Source Specific Multicast

The multicast we usually hear is of 2 types, “Any Source Multicast” and “Source Specific Multicast”. Any source multicast has 2 flavors namely PIM Sparse mode and PIM Dense mode about which we have already discussed in out multicast basics post. Both the flavors of ASM use the IGMPV2. In ASM the receivers don’t know about the source initially and require a rendezvous point in the network to get to know about the active source.
Source Specific Multicast (SSM) uses IGMPV3 and in this the receivers don’t need a Rendezvous point as they know about the source specifically. In SSM there are no shared trees and only shortest path trees are built towards the source.

Let us take a simple topology below to configure the SSM:



R1 acts as the source and R3 acts as the receiver –

Step 1: Enabling the Multicast routing on all routers along with an IGP (OSPF)

ip multicast-routing
router ospf 1
network 0.0.0.0 255.255.255.255 area 0
Step 2: Enable PIM sparse-mode on the interfaces:

R1(config)#interface fastEthernet 0/0
R1(config-if)#ip pim sparse-modeR2(config)#interface fastEthernet 0/0
R2(config-if)#ip pim sparse-mode
R2(config-if)#interface fastEthernet 1/0
R2(config-if)#ip pim sparse-mode

R3(config)#interface fastEthernet 0/0
R3(config-if)#ip pim sparse-mode

Step 3: Enable SSM on all routers

R1(config)#ip pim ssm default
R2(config)#ip pim ssm default
R3(config)#ip pim ssm default

Step 4: Enable IGMPV3 on source and receiver

R1(config)#interface fastEthernet 0/0
R1(config-if)#ip igmp version 3

R3(config)#interface fastEthernet 0/0
R3(config-if)#ip igmp version 3

Step 5: Configure R3 to join a multicast group address in the 232.0.0.0/8 range and we’ll specify R1 as the source:
R3(config)#interface fastEthernet 0/0
R3(config-if)#ip igmp join-group 232.1.1.1 source 9.9.12.1

Now let us check the multicast routing table at R2

R2#sh ip mroute

IP Multicast Routing Table
Flags: D – Dense, S – Sparse, B – Bidir Group, s – SSM Group, C – Connected,
L – Local, P – Pruned, R – RP-bit set, F – Register flag,
T – SPT-bit set, J – Join SPT, M – MSDP created entry, E – Extranet,
X – Proxy Join Timer Running, A – Candidate for MSDP Advertisement,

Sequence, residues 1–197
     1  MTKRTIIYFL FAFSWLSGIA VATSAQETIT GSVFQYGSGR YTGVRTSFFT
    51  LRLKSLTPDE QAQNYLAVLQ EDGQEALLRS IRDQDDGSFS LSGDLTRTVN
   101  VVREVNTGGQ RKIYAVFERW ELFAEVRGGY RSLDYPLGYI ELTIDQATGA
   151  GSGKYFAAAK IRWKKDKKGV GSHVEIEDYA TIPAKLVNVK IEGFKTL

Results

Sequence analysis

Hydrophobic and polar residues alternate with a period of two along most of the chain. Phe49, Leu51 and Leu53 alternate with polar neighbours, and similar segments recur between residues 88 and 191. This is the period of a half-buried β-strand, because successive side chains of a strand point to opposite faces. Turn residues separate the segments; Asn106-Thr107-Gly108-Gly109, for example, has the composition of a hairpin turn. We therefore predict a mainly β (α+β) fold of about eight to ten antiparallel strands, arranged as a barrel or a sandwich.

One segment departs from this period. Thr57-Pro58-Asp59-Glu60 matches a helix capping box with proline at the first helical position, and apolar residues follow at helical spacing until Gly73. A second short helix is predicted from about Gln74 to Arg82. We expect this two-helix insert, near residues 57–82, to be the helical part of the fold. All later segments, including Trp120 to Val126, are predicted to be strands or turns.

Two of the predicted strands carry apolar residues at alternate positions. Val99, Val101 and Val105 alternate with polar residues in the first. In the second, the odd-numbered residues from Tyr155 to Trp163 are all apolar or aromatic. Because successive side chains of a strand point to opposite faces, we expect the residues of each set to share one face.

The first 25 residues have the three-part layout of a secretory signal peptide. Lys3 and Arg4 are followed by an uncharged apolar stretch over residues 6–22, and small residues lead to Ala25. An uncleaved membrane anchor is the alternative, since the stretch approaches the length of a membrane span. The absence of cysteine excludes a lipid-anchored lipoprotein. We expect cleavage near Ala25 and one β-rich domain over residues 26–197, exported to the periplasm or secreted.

U – URD, I – Received Source Specific Host Report,
Z – Multicast Tunnel, z – MDT-data group sender,
Y – Joined MDT-data group, y – Sending to MDT-data group,
G – Received BGP C-Mroute, g – Sent BGP C-Mroute,
Q – Received BGP S-A Route, q – Sent BGP S-A Route,
V – RD & Vector, v – Vector
Outgoing interface flags: H – Hardware switched, A – Assert winner
Timers: Uptime/Expires
Interface state: Interface, Next-Hop or VCD, State/Mode

(9.9.12.1, 232.1.1.1), 00:00:06/00:03:24, flags: sT
Incoming interface: FastEthernet0/0, RPF nbr 9.9.12.1
Outgoing interface list:
FastEthernet1/0, Forward/Sparse, 00:00:06/00:03:24

(*, 224.0.1.40), 00:02:47/00:02:58, RP 0.0.0.0, flags: DCL
Incoming interface: Null, RPF nbr 0.0.0.0
Outgoing interface list:
FastEthernet1/0, Forward/Sparse, 00:02:30/00:00:29
FastEthernet0/0, Forward/Sparse, 00:02:44/00:02:58

In the output above you see how R2 has built a SPT from source to receiver.

R3#sh ip igmp groups 232.1.1.1 detail

Flags: L – Local, U – User, SG – Static Group, VG – Virtual Group,
SS – Static Source, VS – Virtual Source,
Ac – Group accounted towards access control limit

Interface: FastEthernet0/0
Group: 232.1.1.1
Flags: L SSM
Uptime: 00:03:29
Group mode: INCLUDE
Last reporter: 9.9.23.3
Group source list: (C – Cisco Src Report, U – URD, R – Remote, S – Static,
V – Virtual, M – SSM Mapping, L – Local,
Ac – Channel accounted towards access control limit)
Source Address  Uptime     v3 Exp     CSR         Exp  Fwd Flags
9.9.12.1                00:01:48 00:02:39 stopped    Yes   RL
192.168.12.1        00:03:29 00:02:39 stopped    Yes  RL

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